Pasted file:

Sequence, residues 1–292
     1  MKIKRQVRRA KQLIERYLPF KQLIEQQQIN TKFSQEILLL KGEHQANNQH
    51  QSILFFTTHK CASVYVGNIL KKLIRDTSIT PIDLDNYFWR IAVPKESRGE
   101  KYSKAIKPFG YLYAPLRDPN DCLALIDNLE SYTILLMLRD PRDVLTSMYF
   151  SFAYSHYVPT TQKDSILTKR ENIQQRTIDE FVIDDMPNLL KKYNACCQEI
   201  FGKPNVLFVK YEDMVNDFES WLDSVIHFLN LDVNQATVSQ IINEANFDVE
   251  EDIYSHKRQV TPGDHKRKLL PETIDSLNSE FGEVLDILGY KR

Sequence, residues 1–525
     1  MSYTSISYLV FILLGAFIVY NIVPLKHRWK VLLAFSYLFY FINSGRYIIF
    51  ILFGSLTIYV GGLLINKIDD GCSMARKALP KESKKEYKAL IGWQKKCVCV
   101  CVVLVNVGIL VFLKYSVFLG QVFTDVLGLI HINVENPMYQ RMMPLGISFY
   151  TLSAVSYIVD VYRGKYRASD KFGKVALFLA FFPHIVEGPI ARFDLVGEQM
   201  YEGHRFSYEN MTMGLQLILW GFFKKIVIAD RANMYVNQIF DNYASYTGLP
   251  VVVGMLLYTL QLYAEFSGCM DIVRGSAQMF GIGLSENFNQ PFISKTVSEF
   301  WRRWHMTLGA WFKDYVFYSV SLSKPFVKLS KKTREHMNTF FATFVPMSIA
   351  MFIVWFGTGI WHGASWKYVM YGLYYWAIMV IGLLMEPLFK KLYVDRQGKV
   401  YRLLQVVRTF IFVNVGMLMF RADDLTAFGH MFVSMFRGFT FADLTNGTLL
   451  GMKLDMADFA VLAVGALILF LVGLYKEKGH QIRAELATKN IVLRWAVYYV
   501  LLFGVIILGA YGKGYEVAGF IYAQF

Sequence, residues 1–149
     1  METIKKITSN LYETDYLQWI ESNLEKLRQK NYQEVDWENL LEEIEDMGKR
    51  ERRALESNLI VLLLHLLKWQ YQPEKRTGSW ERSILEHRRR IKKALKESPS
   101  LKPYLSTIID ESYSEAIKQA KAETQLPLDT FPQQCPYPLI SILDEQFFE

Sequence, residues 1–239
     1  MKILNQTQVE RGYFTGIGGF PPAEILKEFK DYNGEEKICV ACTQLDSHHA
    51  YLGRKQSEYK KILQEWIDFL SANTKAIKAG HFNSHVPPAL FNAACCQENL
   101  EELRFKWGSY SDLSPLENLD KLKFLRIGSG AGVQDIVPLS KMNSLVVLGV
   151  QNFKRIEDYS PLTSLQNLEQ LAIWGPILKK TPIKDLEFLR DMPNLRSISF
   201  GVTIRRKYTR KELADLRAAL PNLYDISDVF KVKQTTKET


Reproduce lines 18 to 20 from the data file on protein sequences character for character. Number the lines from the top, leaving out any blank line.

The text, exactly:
   451  GMKLDMADFA VLAVGALILF LVGLYKEKGH QIRAELATKN IVLRWAVYYV
   501  LLFGVIILGA YGKGYEVAGF IYAQF

Sequence, residues 1–149